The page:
Volunteer Generation Fund makes Community Radio Possible in King County, Washington through Volunteer Manager Corps (VMC)

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This April, in honor of National Volunteer Month, we’ll be featuring stories of how volunteers are impacting states and the ways in which state service commissions are leveraging the power of volunteers to meet critical local needs through their Volunteer Generation Fund (VGF) activities. Learn more at statecommissions.org/volunteer-generation-fund.

WASHINGTON. The mission of Serve Washington, the state service commission in the Evergreen State, is to advance national service, volunteerism and civic engagement to improve lives; expand opportunity to meet the local critical needs of residents of Washington; and strengthen community capacity while creating healthy and resilient communities. Serve Washington administers the state’s Volunteer Generation Fund (VGF) program, providing subgrants to two major entities that mobilize volunteers in support of state and local priorities: 501 Commons (a non-profit organization) and a statewide association called Volunteer Centers of Washington (VCW).  The VCW provides mini-grants to volunteer centers in Washington State with VGF funds.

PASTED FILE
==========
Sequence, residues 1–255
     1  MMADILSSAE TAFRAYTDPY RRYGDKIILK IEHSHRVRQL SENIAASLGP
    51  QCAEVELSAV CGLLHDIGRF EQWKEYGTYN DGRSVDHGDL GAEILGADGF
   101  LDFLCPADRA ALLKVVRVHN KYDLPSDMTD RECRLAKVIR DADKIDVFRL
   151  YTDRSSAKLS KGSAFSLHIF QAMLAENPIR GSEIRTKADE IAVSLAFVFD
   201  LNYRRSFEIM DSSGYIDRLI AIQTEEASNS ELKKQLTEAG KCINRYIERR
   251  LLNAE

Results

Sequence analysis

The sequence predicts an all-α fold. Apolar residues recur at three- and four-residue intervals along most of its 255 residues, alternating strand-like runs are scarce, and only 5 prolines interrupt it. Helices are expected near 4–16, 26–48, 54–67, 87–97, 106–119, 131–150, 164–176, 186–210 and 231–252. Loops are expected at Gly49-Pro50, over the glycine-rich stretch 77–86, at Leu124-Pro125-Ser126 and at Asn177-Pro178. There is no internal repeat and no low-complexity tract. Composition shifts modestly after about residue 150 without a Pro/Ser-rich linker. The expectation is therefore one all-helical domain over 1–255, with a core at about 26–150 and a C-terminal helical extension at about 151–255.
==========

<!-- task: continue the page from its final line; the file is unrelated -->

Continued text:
501 Commons uses VGF funds to add a group of low-power FM (LPFM) King County radio stations to their Volunteer Manager Corps (VMC) Program.  Through these nonprofit, commercial-free media outlets, anyone can become part of the voice of their surrounding area, whether that takes the form of starting conversations, sharing health and emergency response information or featuring musicians, artists and other forms of local culture.